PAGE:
Implicit type conversion in GDScript - When math gets in the way

2min read
Game Dev Godot Engine

November 8, 2018

Formula thumbnail

While coding a simple AI for my (italian) Godot video tutorial series, I needed vectors with these kind of random values:

  • Vector2(0, 1)
  • Vector2(-1, 1)

Essentially I wanted to generate random values of 1, 0 or -1 and then use them as Vector2 coordinates.

There are multiple (simple) ways of doing this, but the first that came to my mind was a slightly convoluted mathematical approach:

I'm lazy and I prefer using pen and paper instead of MathJax, yes.

that translated into GDScript code is somethink like:

pow(-1, randi() % 2) * randi() % 2

Even if mathematically correct, this expression does not work as expected. When executing it, Godot complains about a bad float argument for the modulo operator %.

Error screen

The problem is that pow() returns a float number and I was not taking this into account (more on this later);

Types highlighted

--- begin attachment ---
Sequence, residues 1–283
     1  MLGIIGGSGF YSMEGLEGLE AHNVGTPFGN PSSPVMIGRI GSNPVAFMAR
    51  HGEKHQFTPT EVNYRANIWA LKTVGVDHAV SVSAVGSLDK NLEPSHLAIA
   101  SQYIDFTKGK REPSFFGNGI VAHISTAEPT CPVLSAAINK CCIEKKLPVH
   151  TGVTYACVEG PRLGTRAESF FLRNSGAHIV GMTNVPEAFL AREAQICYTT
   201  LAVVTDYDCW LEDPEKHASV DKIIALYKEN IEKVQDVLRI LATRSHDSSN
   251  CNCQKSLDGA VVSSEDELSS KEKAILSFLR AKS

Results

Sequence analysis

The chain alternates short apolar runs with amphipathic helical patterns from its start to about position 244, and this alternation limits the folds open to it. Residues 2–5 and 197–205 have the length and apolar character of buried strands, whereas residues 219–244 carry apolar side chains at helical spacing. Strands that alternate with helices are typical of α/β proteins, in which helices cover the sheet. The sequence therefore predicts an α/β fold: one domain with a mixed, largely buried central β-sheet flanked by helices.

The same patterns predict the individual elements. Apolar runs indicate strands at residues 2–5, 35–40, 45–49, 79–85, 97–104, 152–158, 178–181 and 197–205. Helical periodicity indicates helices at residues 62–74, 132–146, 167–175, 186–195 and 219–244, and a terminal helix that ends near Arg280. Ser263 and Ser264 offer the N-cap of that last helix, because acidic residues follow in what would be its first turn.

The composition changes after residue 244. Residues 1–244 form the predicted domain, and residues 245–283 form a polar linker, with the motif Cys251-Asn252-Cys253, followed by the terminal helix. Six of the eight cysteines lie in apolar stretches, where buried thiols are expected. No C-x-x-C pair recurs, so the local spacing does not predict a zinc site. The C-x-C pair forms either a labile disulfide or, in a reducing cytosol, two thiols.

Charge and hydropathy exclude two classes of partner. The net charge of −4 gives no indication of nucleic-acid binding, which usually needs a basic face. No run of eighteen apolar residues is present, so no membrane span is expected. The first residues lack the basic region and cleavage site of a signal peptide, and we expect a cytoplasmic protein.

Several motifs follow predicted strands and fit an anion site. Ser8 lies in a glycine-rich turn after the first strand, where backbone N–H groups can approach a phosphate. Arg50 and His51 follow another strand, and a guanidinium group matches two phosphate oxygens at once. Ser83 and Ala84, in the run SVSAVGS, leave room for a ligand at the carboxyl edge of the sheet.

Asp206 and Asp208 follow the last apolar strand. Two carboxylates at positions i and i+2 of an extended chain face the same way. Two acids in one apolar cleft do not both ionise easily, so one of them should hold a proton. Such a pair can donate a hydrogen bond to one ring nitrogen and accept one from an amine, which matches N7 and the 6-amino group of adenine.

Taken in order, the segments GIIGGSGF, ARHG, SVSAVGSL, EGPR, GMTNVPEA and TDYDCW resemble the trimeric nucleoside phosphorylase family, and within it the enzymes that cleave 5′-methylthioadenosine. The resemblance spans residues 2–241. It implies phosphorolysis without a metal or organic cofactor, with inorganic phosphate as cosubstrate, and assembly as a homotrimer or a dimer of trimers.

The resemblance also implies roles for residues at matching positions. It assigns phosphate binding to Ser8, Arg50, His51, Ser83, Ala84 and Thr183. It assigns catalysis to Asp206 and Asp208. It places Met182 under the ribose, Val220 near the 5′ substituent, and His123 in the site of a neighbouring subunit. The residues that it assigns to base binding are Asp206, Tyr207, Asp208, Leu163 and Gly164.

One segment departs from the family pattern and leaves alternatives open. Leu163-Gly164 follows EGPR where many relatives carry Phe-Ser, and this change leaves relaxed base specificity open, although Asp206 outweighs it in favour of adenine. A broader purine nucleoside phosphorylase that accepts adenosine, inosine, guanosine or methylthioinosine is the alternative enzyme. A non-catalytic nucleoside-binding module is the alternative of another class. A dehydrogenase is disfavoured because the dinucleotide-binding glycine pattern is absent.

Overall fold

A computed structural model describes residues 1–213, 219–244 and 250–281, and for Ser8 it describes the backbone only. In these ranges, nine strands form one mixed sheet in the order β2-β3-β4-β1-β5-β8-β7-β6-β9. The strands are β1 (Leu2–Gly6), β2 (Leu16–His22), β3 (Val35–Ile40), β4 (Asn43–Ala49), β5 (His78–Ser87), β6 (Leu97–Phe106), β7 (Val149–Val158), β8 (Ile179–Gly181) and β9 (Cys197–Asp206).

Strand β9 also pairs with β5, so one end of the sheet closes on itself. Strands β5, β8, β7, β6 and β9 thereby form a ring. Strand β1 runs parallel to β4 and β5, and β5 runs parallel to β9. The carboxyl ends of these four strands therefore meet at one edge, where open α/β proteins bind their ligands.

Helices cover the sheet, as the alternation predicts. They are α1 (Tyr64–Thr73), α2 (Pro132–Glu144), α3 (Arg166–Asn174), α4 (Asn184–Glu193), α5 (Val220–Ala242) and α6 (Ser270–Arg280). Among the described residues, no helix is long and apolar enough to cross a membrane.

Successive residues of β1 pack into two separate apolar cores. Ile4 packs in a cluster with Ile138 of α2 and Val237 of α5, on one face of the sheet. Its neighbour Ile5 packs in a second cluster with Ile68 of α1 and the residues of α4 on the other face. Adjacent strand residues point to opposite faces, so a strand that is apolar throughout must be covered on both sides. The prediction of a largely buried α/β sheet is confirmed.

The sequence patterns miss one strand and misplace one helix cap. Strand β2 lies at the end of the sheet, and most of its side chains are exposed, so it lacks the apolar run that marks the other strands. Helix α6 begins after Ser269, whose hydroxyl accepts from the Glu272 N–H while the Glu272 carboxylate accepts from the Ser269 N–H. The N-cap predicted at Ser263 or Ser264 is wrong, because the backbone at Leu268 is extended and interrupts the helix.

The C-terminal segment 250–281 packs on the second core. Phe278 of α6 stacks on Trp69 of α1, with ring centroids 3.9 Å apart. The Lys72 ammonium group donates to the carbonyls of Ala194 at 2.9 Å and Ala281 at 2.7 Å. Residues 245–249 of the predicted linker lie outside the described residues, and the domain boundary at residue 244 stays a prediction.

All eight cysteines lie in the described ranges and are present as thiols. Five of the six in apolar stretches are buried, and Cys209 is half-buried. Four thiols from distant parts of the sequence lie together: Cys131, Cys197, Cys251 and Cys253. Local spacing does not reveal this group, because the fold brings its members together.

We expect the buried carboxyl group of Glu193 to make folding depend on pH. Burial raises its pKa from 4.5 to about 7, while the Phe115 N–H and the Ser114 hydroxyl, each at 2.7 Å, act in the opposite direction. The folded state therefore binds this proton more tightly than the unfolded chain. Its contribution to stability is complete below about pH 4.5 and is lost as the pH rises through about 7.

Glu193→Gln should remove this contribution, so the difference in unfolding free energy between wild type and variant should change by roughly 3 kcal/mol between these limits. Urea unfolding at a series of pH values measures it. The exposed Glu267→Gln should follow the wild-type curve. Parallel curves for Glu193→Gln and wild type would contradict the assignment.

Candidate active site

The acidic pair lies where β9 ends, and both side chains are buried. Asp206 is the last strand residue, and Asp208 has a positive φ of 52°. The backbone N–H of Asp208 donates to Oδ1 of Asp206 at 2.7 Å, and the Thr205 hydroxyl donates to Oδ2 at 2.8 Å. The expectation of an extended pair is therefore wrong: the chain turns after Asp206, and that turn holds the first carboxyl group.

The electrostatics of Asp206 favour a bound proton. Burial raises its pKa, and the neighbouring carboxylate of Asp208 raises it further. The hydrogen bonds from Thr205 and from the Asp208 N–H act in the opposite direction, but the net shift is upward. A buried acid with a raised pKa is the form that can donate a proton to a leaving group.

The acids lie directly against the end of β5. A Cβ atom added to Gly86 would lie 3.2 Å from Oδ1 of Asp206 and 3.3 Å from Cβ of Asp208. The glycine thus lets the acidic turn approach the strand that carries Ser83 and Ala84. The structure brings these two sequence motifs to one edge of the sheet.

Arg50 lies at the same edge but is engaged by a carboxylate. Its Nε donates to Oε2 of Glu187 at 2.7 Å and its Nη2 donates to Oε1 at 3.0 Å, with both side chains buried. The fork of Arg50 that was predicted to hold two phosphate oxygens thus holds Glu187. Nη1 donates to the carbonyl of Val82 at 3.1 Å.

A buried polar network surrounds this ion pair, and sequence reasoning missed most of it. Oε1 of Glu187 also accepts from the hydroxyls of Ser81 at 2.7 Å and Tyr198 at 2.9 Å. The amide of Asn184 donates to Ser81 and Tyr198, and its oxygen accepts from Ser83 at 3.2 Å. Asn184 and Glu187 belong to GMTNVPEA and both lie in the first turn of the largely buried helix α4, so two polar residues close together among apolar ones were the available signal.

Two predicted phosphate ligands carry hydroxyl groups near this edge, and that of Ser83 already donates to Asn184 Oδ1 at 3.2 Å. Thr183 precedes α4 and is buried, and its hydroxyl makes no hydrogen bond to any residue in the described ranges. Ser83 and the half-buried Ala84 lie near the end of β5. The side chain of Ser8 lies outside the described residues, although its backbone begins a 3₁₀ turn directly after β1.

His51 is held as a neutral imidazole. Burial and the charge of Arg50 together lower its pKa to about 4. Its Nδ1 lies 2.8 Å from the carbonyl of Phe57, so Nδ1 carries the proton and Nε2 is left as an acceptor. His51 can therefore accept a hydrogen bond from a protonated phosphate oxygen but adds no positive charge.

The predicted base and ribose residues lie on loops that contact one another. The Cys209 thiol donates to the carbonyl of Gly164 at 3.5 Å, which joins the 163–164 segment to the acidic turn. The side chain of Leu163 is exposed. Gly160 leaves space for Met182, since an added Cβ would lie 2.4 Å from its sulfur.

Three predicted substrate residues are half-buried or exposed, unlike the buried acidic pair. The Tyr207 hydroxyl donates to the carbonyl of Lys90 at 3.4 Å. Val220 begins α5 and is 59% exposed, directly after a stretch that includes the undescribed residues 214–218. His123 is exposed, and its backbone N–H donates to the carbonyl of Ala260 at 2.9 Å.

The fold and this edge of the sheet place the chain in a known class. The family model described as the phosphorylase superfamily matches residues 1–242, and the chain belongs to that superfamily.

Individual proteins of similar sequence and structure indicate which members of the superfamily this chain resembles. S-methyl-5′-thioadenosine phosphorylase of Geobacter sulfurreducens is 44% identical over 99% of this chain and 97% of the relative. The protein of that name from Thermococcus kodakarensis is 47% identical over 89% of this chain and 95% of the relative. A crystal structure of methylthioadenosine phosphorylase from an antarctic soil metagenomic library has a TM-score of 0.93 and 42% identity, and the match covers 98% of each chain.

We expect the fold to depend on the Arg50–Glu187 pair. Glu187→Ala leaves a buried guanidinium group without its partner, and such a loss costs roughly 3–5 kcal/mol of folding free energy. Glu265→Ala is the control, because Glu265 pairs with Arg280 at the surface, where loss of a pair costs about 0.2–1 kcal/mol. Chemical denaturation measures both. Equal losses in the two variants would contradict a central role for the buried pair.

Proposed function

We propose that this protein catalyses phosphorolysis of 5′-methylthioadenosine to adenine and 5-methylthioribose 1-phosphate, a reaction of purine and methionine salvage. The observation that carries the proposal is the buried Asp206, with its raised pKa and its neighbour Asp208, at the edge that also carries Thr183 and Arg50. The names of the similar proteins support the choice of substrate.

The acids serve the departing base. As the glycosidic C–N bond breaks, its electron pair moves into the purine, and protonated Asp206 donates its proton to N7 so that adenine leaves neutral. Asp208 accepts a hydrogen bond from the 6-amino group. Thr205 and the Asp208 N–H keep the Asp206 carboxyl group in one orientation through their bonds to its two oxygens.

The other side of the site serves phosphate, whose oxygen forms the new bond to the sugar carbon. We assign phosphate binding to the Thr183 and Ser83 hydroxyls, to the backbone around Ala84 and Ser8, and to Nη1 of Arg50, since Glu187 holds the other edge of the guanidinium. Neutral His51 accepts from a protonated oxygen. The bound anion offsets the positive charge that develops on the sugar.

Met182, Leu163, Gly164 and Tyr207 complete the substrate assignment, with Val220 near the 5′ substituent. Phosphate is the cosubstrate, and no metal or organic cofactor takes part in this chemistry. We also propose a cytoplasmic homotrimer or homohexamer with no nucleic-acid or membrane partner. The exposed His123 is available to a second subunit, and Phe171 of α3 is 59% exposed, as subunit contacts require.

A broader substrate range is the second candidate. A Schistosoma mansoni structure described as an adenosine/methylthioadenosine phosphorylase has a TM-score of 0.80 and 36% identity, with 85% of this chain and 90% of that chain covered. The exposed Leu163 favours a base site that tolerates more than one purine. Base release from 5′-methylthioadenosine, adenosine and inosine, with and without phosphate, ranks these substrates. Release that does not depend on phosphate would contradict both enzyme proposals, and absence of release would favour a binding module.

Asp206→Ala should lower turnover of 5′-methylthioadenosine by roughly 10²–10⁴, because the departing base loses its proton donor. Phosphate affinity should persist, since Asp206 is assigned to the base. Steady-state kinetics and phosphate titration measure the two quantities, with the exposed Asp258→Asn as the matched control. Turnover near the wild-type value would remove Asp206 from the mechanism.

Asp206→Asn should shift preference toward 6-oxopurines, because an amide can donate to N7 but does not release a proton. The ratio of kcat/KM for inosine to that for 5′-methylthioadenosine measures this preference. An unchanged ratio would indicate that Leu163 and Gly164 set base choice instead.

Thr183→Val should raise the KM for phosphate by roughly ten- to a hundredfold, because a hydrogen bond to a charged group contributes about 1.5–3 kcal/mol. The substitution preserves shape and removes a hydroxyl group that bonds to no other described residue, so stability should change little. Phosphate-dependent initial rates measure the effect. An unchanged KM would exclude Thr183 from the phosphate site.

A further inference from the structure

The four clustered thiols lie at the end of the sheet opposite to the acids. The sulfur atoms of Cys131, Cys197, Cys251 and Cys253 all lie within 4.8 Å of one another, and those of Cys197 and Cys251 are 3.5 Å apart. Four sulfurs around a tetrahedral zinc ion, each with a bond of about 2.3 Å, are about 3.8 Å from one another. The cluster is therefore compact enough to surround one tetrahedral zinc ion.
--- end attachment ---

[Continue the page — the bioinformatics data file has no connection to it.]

this means that pow(-1, randi() % 2) * randi() is a multiplication of a float and an integer.
In this case GDScript will implicitly convert the integer to float and thus the result of the multiplication will be a float value, and here it is the problem: this float value will be used as operand for the modulo operator and this is not a valid operation.

I did not see this error at first because I was thinking in mathematical terms and (-1)^n, for n positive natural number, is always an integer number.

Fixing the expression

# fixed
pow(-1, randi() % 2) * (randi() % 2)

# old 
pow(-1, randi() % 2) * randi() % 2

Just use the parenthesis to give precedence to the ending randi() % 2 and the problem is solved.

It’s not a super interesting read, but I think that it’s always good to remember that the math that we use in code development is really different from the math that we use in other contexts.

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